4 Signs You Might Have Endometriosis

If you are a woman who is experiencing pelvic pain, it is important to see a doctor for care. There are many causes for discomfort and tension in the pelvis, including menstrual cramps. However, these sensations could also be a symptom of something more serious. One possibility is endometriosis, a painful women’s health condition where the tissue that lines the inside of your uterus begins to grow outside of it. 

This condition requires treatment, so it is important to know how to recognize it. There are a few telltale signs of this disorder, so understanding what it is like can help you know when to make an appointment with a gynecologist. Review the signs below, and then decide if you need to act. Along with professional medical care, at-home treatments such as laser therapy for back pain can help you care for your symptoms and feel better overall. 


  • Severe Period Pain 


The hallmark sign of endometriosis is pain during your menstrual cycle. While many women experience normal sensations of discomfort and cramping during their period, endometriosis pain often begins before you start menstruating. It may be moderate to severe in nature and can even extend a few days into your period. 

Along with pain and tension in the pelvis, you may also notice symptoms in your abdomen and lower back. It is also possible to feel pain during or after you have sex. Along with these sensations, pay attention if you experience discomfort while you are urinating or having a bowel movement. These challenges may be more apparent while you are menstruating but can also occur outside your cycle. 


  • Excessive Menstrual Bleeding 


Women who have endometriosis tend to bleed more heavily during their cycle than those who do not have the condition. It is common to use heavy pads or extra-absorbent tampons. You may also find that you have to change your feminine products more often than your friends or loved ones. 

Some women will also see bleeding between their periods. This is known as intermenstrual bleeding. There is a variety of possible causes of this type of heavy bleeding, including using hormonal contraception, a sexually transmitted infection (STI), or a cervical disorder. If you notice intermenstrual bleeding at any time between your period, make an appointment with a gynecologist or your primary care physician. They can help you determine what is causing your symptoms and ensure that it is nothing serious. 


  • Difficulty Conceiving a Baby


If you have some of the symptoms above and have also had trouble conceiving a baby, make an appointment with an OB-GYN right away. According to recent research published by the National Institute of Health, infertility affects between 30-50 percent of women with endometriosis. While this can cause anxiety in some women, it is important to know that there are treatments available.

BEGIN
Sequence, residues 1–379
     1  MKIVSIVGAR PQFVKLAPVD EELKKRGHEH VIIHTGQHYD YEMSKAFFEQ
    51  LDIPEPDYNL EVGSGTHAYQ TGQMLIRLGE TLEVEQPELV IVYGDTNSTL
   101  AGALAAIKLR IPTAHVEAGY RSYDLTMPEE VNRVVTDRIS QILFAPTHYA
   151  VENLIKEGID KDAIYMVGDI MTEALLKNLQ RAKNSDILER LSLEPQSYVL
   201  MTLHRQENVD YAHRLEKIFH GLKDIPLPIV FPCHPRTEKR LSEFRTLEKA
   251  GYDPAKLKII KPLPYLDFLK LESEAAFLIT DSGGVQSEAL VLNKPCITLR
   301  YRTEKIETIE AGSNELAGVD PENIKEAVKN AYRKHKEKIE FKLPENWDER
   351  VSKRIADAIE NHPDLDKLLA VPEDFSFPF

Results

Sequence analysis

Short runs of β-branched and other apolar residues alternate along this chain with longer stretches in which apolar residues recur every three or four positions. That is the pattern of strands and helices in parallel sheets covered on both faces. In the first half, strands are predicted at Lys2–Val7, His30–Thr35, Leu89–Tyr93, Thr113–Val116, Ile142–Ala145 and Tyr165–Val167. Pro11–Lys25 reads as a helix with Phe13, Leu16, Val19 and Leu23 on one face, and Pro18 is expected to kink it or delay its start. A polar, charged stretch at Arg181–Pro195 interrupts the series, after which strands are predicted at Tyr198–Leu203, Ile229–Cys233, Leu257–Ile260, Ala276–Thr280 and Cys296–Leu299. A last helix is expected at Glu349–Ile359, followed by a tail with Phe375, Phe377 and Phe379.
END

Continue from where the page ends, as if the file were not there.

Work with your doctor as soon as you can to know which fertility treatments for endometriosis may work for you. These include the possibility of removing endometrial lesions through a surgical procedure. 

Many couples are interested in trying in-vitro fertilization. Also known as IVF therapy, this technique combines the egg and sperm in a petri dish. Since conception occurs away from the inflammatory pelvic environment, research shows that pregnancy success rates are similar to those women who do not have endometriosis. This gives hope to thousands of couples looking to start a family. 


  • Uncomfortable Stomach Symptoms 


Along with the signs above, you may also experience gastrointestinal symptoms during your period. Some of the most common complaints for women with endometriosis include moderate nausea and bloating. You may also get constipation or diarrhea. 

Tell your provider if you are having any of these symptoms on a regular basis. You should also let them know if you experience them along with fatigue, tiredness, or low energy. Prescription and over-the-counter (OTC) medications may be able to help with these types of symptoms. Your doctor will let you know which ones are right for you. If you are interested in natural remedies, a warm bath or a heating pad may also be beneficial for dealing with stomach upset combined with pelvic discomfort. 

Caring for You & Your Endometriosis 

Whether you suspect you have endometriosis or have already received a diagnosis, it is important to know how to care for yourself. Since this is a chronic condition, do not hesitate to call your physician if you have any questions—and be sure to keep all follow-up appointments with your provider. In addition to medications, procedures, or lifestyle changes, you can also take steps at home to reduce your abdominal discomfort and lower back pain. 

Stretching, self-massage, and aromatherapy with essential oils are just a few of the ways to relieve tension in your body and encourage relaxation. Laser therapy is another way to reduce cramping and improve the flow of nutrients and oxygen in your lumbar area. Photobiomodulation therapy (PBMT), formerly often referred to as low-level laser therapy (LLLT), is a non-drug option that safely penetrates the skin to modulate pain and inflammation in the lower back. 

Along with some of the other at-home remedies above, you need just a few moments per day to reap its benefits. Everyone is different, so experiment with the complementary treatments you are interested in to find the routine that is right for you. With a commitment to your wellness and your future, you can help to relieve your endometriosis symptoms and enjoy a healthier lifestyle.